CALIFORNIA | LOCAL
September 24, 1993 |
Uninvited visitors have wormed their way into Hawthorne's kitchens and bathrooms. A minor infestation of bloodworms--larvae of the gnat-like midge--is forcing the city to purge its municipal water system, which serves about half of Hawthorne's 12,000 households and businesses. The scarlet creatures, although unnerving to residents who have been finding them in their water glasses and bathtubs since last week, do not pose a health hazard, officials say.
November 17, 1989 |
The Air Force is quietly seeking a legal way to move its Ballistic Systems Division out of San Bernardino, The Times has learned, even though Congress enacted a law earlier this year specifically saying that it should remain at its present location.
December 31, 1999 |
The Securities and Exchange Commission said Thursday that it has charged two executives of American Telephone & Telecommunications Corp. with fraud for selling securities in the firm that purportedly was set up to offer long-distance telephone service via the Internet. The company is not related to telecommunications giant AT&T Corp.
CALIFORNIA | LOCAL
February 9, 2008 |
Allan Grant, a Life magazine photographer who got the last photo shoot with Marilyn Monroe weeks before her death and the first pictures of Marina Oswald just hours after the assassination of President John F. Kennedy, has died. He was 88. Grant died Feb. 1 of Parkinson's-related pneumonia at his home in Brentwood, according to his wife, Karin.
CALIFORNIA | LOCAL
April 14, 1990 |
An NBC attorney attempted Friday to persuade federal appeals court judges in Pasadena to strike down the largest libel verdict against an American news organization--a $5.3-million judgment that the network defamed singer Wayne Newton in newscasts that linked him to organized crime figures. NBC lawyer Floyd Abrams said the stories were the product of aggressive reporting, not ill will, and should be protected by the First Amendment. But Newton's lawyer, Morton R.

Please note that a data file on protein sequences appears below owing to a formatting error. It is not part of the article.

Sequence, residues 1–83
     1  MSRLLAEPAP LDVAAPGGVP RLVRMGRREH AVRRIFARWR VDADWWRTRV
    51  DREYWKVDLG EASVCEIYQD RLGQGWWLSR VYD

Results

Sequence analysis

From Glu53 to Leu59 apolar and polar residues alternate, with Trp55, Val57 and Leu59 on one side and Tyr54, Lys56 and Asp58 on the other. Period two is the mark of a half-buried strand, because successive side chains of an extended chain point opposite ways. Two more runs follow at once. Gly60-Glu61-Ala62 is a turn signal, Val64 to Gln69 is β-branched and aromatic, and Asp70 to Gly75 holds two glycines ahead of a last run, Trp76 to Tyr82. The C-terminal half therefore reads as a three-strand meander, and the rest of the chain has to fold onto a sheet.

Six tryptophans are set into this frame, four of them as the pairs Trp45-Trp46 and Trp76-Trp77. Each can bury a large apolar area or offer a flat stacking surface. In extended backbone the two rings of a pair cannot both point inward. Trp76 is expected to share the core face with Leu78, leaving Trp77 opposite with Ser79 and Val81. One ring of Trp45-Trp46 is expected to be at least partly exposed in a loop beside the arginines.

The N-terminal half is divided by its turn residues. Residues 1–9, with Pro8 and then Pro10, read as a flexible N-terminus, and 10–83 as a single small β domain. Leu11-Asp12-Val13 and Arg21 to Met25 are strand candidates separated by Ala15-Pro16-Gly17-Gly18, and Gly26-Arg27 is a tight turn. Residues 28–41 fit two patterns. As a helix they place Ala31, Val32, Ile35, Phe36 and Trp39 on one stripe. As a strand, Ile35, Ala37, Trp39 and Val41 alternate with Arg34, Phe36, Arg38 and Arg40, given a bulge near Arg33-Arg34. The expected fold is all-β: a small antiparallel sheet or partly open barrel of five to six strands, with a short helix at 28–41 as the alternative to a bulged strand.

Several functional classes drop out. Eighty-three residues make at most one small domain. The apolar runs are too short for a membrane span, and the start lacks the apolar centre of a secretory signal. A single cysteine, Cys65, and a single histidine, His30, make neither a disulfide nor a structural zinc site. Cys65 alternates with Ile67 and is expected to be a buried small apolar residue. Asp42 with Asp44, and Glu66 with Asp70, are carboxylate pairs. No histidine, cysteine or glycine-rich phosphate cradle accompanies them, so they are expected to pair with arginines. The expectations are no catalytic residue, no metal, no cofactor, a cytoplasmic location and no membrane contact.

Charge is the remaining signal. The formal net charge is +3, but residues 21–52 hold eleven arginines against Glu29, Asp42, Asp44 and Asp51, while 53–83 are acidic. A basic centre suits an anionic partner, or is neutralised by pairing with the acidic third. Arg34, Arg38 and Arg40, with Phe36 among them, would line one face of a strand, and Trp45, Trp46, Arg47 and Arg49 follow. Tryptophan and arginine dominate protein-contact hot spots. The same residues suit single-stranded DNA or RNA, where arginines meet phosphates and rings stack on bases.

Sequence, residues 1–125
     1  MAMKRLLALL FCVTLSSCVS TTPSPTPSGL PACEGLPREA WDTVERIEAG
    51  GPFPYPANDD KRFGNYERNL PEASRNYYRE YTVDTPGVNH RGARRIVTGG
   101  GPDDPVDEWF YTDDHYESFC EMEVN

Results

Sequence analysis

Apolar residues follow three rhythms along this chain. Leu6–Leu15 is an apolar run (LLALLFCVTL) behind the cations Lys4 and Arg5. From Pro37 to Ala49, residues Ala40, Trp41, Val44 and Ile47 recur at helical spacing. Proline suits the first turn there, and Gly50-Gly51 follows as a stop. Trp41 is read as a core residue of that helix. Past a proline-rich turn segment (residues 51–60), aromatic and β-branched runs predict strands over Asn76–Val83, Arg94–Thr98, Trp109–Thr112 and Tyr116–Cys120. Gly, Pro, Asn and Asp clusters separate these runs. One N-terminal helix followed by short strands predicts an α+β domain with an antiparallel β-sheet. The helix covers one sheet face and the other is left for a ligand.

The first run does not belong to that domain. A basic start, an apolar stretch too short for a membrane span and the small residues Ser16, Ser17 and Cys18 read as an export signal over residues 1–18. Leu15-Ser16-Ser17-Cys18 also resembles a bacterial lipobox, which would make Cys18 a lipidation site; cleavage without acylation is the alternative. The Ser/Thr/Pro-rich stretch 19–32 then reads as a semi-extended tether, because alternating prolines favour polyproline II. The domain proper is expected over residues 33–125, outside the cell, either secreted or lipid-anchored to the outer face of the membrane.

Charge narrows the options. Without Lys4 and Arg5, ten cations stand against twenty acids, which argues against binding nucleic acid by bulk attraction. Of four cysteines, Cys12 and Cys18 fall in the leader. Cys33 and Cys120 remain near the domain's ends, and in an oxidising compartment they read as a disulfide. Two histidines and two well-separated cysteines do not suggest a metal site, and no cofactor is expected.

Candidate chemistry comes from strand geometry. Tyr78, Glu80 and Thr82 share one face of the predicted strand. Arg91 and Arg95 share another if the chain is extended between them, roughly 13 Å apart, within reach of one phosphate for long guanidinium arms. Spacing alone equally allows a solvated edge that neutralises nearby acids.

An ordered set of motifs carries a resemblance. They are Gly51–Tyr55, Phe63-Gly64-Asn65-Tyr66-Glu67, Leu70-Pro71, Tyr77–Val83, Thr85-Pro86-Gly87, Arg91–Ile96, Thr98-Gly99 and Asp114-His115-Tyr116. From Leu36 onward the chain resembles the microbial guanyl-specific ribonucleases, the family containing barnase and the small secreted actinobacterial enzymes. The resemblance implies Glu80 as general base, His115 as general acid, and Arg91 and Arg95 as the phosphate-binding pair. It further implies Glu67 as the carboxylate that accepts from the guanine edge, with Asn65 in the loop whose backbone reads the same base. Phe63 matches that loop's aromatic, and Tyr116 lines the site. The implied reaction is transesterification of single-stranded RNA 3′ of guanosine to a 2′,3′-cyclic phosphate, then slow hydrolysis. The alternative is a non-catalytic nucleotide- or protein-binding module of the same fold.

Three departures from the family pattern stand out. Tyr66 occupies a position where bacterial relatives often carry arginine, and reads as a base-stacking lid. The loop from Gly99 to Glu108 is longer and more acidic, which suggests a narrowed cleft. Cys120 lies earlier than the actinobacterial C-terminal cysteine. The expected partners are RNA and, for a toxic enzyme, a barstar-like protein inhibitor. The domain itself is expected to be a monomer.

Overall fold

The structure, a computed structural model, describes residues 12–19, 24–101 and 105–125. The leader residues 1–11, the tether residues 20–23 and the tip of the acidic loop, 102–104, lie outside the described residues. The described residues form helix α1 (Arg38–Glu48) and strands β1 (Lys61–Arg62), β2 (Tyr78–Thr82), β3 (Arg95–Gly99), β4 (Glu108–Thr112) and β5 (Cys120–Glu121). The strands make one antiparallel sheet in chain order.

April 2, 2006 |
On Thursday, Oct. 8, 1964, the day the police decided my mother killed my father, I woke up late, the kind of late that snaps you out of your favorite dream, the one where you're wrapped in the arms of your favorite TV hunk--mine was Dr. Kildare--and he's just about to . . . when bang your unconscious tells you the sun is out, the lights are on all over the house and you're going to be late for school because nobody got you out of bed. We were a family of five. I was 14 and the oldest.
September 25, 1991 |
Los Alamitos officials have proposed 1992 racing dates that would shorten the current quarter horse meeting but provide quarter horse racing at Hollywood Park for the first time since 1987. The proposal was presented Monday to a California Horse Racing Board Committee. It asks for 32 weeks of quarter horse racing, 43 weeks of harness racing and three weeks of thoroughbred and quarter horse fair racing. Under the plan, quarter horse racing would end at Los Alamitos on Jan. 18 instead of Feb. 8.
September 11, 1994 |
When the fire came, some hid in wells or cisterns. They died. Some escaped to a swamp, and they suffocated. But others survived, boarding trains to outrace the flames or wading into water to avoid their reach. One hundred years ago, on Sept. 1, 1894, a firestorm swept over 480 square miles of northeastern Minnesota's white pine forest. In just four hours, six towns were reduced to rubble and the forest to a wasteland of charred stumps. And in that time, at least 418 people died.
May 1, 1997 |
What did the Detroit Red Wings ever do to Ron Wilson? Well, they fired his father, Larry Wilson, as coach in 1977. They fired his Uncle Johnny too, in 1973. Then there was the time they told Ron's father he'd be playing in the minors for a few games. "Two weeks of conditioning," Ron remembers, still incredulous. "It ended up being 13 years." And all that was long before the Red Wings beat the Mighty Ducks in the first game in franchise history--smoking the Ducks, 7-2, on Oct.
June 12, 1993 |
A World War II German submarine containing the remains of more than 50 sailors and spies has been found four miles east of Cape Cod, where the U.S. Navy sank it in 1944, a commercial diver said. Edward Michaud said he found the U-boat in 41 feet of water, partly buried in shifting sand, on June 5 after three years of research. The 251-foot-long sub was sunk Oct. 28, 1944, after its commander used a Coast Guard radio frequency to communicate with Germany in code.